CHASKA, Minn. — Y.E. Yang shook his fists and shouted with joy over a victory felt around the world. Equally stunning was the sight of Tiger Woods, standing over the final putt of the PGA Championship with nothing at stake.
The final major of the year delivered a pair of shocking developments Sunday.
Yang, a 37-year-old from South Korea who was in PGA Tour qualifying school nine months ago, became the first Asian-born player to capture a major title with a series of spectacular shots on the back nine of Hazeltine.
Even more memorable was the guy he beat.
Woods was 14-0 when he was atop the leaderboard going into the final round of a major. He had never lost any tournament on American soil when leading by more than one shot.
Yang showed everyone how to beat him, from the stars who had failed so many times over the last dozen years, and perhaps to an emerging generation of golfers in Asia, the fastest-growing golf market in the world.
“It’s not like you’re in an octagon where you’re fighting against Tiger and he’s going to bite you, or swing at you with his 9-iron,” Yang said through an interpreter. “The worst that I could do was just lose to Tiger. So I really had nothing much at stake.”
When he saw Woods in birdie range at the 14th, Yang chipped in from 60 feet for eagle to take the lead. Clinging to a one-shot lead, a tree slightly blocking his view of the flag on the 18th hole and Woods in the fairway, Yang hit the shot of his life. His 3-iron hybrid cleared a bunker and settled 12 feet away.
And with that, Yang slew golf’s giant.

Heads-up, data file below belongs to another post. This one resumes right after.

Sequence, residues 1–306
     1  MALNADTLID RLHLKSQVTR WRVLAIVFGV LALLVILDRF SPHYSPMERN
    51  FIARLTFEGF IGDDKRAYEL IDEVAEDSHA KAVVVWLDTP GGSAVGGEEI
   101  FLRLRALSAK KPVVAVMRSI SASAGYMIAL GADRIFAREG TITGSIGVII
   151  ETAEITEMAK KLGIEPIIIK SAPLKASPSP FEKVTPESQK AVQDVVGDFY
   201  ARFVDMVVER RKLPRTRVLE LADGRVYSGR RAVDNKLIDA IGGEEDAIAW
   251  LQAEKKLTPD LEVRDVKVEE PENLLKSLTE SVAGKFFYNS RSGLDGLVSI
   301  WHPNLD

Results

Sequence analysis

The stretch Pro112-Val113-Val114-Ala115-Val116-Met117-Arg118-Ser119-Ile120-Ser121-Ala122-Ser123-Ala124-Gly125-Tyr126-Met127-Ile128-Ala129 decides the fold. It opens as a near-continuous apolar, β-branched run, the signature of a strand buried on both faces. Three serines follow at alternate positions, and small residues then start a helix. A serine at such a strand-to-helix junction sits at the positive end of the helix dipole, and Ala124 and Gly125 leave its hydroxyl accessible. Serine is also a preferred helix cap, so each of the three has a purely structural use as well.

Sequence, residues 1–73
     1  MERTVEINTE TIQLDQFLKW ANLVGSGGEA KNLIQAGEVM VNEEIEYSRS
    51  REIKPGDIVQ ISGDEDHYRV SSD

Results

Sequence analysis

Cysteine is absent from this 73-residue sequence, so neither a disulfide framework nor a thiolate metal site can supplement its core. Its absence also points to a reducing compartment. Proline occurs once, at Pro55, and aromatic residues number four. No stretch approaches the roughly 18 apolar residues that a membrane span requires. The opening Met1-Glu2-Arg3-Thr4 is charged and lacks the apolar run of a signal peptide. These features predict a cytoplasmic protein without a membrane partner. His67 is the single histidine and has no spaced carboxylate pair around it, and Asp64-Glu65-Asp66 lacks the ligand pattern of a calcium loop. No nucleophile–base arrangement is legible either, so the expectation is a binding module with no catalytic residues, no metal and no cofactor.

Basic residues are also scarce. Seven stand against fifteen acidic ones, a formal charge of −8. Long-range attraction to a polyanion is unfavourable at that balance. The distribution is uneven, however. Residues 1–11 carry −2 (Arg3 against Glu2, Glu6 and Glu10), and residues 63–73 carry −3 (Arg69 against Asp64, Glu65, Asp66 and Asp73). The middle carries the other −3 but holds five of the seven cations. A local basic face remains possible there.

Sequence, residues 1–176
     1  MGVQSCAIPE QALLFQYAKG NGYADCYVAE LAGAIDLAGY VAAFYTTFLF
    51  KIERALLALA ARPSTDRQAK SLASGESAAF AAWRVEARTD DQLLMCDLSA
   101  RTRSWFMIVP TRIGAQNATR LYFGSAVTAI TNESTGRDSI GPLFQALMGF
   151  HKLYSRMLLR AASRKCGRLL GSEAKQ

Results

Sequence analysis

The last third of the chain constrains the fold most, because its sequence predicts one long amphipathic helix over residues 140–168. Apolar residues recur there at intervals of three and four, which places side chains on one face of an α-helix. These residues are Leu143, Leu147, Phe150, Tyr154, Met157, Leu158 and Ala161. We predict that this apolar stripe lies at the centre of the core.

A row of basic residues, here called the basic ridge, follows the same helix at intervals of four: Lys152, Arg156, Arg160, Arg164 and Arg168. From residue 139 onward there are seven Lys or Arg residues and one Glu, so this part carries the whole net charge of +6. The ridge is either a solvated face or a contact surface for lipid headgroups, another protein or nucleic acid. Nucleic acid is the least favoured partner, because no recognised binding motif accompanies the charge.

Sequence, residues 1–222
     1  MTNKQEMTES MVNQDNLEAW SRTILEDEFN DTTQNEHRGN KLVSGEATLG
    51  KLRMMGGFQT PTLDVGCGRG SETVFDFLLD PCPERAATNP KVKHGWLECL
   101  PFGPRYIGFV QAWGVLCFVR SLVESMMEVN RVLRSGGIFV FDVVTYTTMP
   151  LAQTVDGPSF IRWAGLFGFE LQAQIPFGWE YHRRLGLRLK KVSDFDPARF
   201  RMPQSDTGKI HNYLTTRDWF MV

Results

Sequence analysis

Yang made the final birdie to close with a 2-under 70, giving him a three-shot victory when Woods missed yet another short par putt and had a 75, his worst score ever in the final round of the major when he was in the last group.
“All the other 14 major championships I’ve won, I’ve putted well for the entire week,” Woods said. “And today, that didn’t happen.”
For Woods, it was the second time he has finished runner-up in the PGA Championship at Hazeltine, both times to a surprise winner. Seven years ago, he birdied the last four holes and came up one short of Rich Beem.
This time, Woods made one mistake after another over the last four holes, mostly with his putter.
“I did everything I needed to do, except for getting the ball in the hole,” Woods said. “Just didn’t make the putts when I needed to make them.”
Calgary’s Stephen Ames finished at 3 over.
Yang’s victory is massive for Asia. Perhaps even more significant is the way he stood up to Woods, the world’s No. 1 player whose heritage is half-Asian through his Thai-born mother.
Yang and K.J. Choi are the only PGA Tour players who learned golf in South Korea before coming to America.
South Koreans have had far more success on the LPGA Tour, with seven players combining to win 11 majors.
“Golf in Asia has been growing steadily, so to have the guy who finally found a way to beat Tiger on Sunday is so big for the region,” Geoff Ogilvy said. “It’s hard for us here in the U.S. to imagine the impact this will have.”
His victory came four days after golf was recommended to become part of the Olympics in 2016.
Yang was No. 110 in the world, his only victory on the PGA Tour coming in March at the Honda Classic, on a course across the street from headquarters of the PGA of America. He was best known for holding off Woods at the HSBC Champions in China three years ago.
This stage was far bigger and Yang was even better.
He trailed by two shots going into the final round, caught Woods at the turn, and was tied with five holes to play when Yang chipped in for eagle on the 14th. When it looked as though nerves were getting the best of him on a three-putt bogey at the 17th, he delivered his two most important shots that brought him an unlikely victory.
“This might be my last win as a golfer,” Yang said. “But it sure is a great day.”